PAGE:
According to Palestinian political analyst Mustafa Ibrahim:
"The plan of the Arab Quartet prepares for the transitional post-Abbas era and negotiations for peace between Arab countries and Israel. The plan is designed to serve the interests of Arab regimes more than ending divisions among the Palestinians. The goal is to eliminate the Palestinian cause and find an alternative to President Abbas."
This analysis reflects the views of Abbas and his veteran Palestinian Authority leaders in Ramallah, who continue to be extremely wary of any talk about succession in the PA leadership.
Interestingly, the "Arab Quartet" initiative for now seems to have divided Palestinian officials, with some welcoming it, and others rejecting it.
Criticizing Abbas and the Fatah leadership for coming out against the plan, Hassan Asfour, a senior Fatah official and former PA minister of state, urged Abbas to reconsider his "impractical, irrational and hasty" decision to dismiss the initiative of the four Arab countries. Asfour pointed out that Abbas's recent criticism of these countries was "harmful" and "unjustified." Abbas's close aides have retorted by claiming that Asfour was a political ally of Dahlan and therefore has a clear agenda.
Many Palestinians were surprised to see veteran Palestinian official Ahmed Qurei, a former PA prime minister and one of the architects of the Oslo Accord, come out in favor of the "Arab Quartet" plan, which basically envisions ousting Abbas from power. Abbas's close advisors claim that Qurei has joined Dahlan in his effort to bring about regime change in Ramallah.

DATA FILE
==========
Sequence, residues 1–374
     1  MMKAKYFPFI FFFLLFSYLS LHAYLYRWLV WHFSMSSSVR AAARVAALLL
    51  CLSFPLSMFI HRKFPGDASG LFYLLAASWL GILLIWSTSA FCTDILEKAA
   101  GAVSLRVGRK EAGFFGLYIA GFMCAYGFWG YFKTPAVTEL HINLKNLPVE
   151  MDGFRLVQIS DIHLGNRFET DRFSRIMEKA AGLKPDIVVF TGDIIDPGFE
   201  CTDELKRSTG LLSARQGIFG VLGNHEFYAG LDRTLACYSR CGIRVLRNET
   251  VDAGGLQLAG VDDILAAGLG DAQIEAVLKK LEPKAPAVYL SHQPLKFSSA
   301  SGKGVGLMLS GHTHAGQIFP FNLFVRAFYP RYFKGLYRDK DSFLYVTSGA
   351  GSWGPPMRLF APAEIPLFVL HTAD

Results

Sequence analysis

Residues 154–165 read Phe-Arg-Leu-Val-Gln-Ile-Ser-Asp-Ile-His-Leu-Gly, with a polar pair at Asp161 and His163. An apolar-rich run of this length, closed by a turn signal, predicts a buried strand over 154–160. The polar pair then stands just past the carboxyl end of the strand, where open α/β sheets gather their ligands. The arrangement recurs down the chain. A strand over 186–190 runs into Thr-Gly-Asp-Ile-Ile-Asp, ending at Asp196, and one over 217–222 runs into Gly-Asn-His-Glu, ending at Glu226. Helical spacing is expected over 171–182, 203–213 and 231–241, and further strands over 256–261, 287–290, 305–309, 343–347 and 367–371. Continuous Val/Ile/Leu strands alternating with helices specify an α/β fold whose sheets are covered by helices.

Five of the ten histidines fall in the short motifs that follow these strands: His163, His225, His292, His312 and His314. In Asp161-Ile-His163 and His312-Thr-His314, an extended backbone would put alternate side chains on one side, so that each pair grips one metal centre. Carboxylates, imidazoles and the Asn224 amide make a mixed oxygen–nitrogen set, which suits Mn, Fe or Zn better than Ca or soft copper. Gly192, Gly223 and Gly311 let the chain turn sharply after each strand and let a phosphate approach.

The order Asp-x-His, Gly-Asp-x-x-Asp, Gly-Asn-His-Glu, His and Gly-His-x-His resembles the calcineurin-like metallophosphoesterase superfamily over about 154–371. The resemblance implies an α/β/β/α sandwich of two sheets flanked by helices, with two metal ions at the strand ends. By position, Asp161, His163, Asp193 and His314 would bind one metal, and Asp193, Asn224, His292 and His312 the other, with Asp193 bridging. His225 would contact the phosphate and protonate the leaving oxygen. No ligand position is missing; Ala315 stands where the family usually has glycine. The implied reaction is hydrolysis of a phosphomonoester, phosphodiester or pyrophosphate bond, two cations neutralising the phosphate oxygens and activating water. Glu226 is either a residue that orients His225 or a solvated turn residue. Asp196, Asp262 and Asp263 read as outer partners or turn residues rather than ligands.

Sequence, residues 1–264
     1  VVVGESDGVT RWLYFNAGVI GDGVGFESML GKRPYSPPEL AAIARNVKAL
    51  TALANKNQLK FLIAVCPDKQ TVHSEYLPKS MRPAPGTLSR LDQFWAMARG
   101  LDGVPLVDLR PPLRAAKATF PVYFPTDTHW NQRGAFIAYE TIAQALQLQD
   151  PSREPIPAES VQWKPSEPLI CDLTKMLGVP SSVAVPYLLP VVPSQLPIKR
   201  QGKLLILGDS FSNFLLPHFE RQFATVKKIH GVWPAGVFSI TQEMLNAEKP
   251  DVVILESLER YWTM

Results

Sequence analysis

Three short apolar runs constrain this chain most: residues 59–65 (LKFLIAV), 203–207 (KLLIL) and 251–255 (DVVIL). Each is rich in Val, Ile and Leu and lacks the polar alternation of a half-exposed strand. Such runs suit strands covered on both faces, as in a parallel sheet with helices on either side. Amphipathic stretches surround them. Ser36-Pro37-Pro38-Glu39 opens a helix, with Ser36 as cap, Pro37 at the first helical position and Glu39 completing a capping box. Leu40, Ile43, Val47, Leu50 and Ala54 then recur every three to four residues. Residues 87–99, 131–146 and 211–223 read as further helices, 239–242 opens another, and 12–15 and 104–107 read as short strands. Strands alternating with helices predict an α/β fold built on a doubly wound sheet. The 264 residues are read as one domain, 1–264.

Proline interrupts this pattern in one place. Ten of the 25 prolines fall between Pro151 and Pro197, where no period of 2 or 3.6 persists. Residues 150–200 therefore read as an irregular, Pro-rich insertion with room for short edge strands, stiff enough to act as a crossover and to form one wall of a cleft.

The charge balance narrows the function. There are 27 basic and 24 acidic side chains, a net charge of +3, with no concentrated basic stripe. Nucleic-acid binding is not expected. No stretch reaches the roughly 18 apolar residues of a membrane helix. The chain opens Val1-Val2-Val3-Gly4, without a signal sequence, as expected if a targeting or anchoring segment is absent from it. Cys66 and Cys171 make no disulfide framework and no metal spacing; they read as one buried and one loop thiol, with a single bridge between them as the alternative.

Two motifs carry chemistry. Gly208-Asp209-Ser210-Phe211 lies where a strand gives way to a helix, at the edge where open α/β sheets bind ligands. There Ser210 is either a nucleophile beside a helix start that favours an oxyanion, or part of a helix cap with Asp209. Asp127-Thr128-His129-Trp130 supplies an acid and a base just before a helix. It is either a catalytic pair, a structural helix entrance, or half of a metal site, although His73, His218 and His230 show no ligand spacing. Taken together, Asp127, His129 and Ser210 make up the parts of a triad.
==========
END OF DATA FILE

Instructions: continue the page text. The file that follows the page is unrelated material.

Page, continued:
Dahlan, for his part, has launched his own initiative by calling for an "expanded" gathering of Palestinian factions in Cairo, to discuss ways of bringing about real change in the Palestinian political arena. Thus, Dahlan has moved from behind-the-scenes activities to topple Abbas to public moves. And in this he enjoys the political and financial backing of at least four important Arab countries that would also like to see an end to the Abbas era. This is the first time that a senior Palestinian official has openly challenged the PA leadership with the support of Arab countries. It is predicted that at least 600 people will attend the Dahlan-sponsored conference in the Egyptian capital. The PA leadership is now threatening to retaliate against anyone who attends the conference by cutting off their salaries. This will only deepen the crisis in Abbas's Fatah and yield yet more infighting.
Abbas undoubtedly had these thoughts in mind when he addressed the UN General Assembly -- the new Arab "conspiracy" to replace him with Dahlan, or someone else. This, and not Israeli policy, is Abbas's true nightmare. After all, he knows that without Israel's presence in the West Bank, his regime would have long fallen into the hands of Hamas or even his political rivals in Fatah.
The "Arab Quartet" plan shows that some Arab countries are indeed fed up with Abbas's failure to lead his people towards a better life. These states, which have long been politically and financially supportive of the Palestinians, have had enough of Abbas's efforts to secure unending power -- at the direct cost of the well-being of his people. It will not take long before we see whether these Arab countries, now mocked by Abbas, will succeed in ridding the Palestinians of leaders who lead them toward nothing but ruin.
Khaled Abu Toameh, an award-winning journalist, is based in Jerusalem.